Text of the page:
Archive for nationalism

The Nation and its Pieces

Posted in Vicente with tags on January 6, 2012 by Vicente Peláyez

Nationalisms often employ stereotypical, one-dimensional descriptions of the nation’s subregions in their self-regarding odes. This has a function. Imagine a view of England, say, with the coal miners of Newcastle, the industrial Manchester area, the white cliffs of Dover, and so on. Or France, with the hardy Norman fishers in Normandy, Breton seafarers and ancient citadels in Brittany, medieval castles on the Loire, skiing resorts in the Alps, sunny beaches on the Riviera, red workingmen of Paris, etc. Or America, with the amber waves of grain in the Midwest, the diligent financial men in suits in New York, the decadent film industry camped out in Southern California, pot-growing hippies in Northern California, Southern hospitality and chivalry across the southeast, oil barons in Texas, etc. Each of these stereotypes, taken literally, is impossible; it’s crazy to imagine a Newcastle made of literally nothing but coal miners, or a Paris with only communist laborers, or a Midwest with nothing but cornfields. In fact it’s only possible to imagine at least minimally diverse places, with at least an elementary division of labor between classes and types. So if America is made up of the stereotypical North, South, Midwest, Texas, and Northern and Southern California, it’s only as a whole nation that it makes sense as a place—each part on its own feels incomplete. These stereotypical descriptions are thus both a result of and an encouragement to nationalism.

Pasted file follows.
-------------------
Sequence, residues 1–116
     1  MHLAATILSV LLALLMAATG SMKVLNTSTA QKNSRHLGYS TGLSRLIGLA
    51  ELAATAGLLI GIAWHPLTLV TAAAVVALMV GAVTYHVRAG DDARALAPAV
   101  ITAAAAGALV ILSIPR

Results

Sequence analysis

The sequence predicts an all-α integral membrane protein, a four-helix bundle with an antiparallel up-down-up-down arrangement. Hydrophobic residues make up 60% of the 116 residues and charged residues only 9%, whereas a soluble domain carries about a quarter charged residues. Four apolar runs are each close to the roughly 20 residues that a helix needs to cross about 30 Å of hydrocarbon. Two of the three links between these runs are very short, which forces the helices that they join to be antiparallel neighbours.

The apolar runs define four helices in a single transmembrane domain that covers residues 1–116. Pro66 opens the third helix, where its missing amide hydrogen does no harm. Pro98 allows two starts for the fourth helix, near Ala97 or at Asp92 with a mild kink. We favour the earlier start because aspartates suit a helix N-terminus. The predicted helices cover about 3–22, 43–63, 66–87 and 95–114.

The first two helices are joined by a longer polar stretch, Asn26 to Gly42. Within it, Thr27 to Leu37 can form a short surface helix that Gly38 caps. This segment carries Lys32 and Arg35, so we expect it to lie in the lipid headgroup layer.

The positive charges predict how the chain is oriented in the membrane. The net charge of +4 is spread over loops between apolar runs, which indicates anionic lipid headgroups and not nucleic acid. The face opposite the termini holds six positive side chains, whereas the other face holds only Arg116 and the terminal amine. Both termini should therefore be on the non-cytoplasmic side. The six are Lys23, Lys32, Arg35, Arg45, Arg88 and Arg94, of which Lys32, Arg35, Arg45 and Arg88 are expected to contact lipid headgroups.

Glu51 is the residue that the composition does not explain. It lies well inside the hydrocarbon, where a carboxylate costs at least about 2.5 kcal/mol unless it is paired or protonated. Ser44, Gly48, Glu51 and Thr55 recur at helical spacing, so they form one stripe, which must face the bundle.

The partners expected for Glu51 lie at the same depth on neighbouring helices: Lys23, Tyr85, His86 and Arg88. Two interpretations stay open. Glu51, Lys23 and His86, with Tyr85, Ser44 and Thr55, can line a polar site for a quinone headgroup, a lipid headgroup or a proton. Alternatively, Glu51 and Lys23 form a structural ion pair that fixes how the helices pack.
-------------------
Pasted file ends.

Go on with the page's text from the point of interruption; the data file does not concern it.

Cross-posted from Empire Avenue.


Map-Logos and Advertising

Posted in Vicente with tags , on November 6, 2009 by Vicente Peláyez

In the second edition of Imagined Communities, his pioneering book on nationalism, Benedict Anderson writes about the introduction of modern overhead to-scale maps and their effects on the way people thought (and think) about political units. The chapter on this, “Census, Map, Museum,” includes an illuminating discussion of what maps replaced, and how revolutionary the modern map really was in contexts like nineteenth-century Thailand. Anderson then goes on to explain a further development in mapmaking that affects our thinking: Continue reading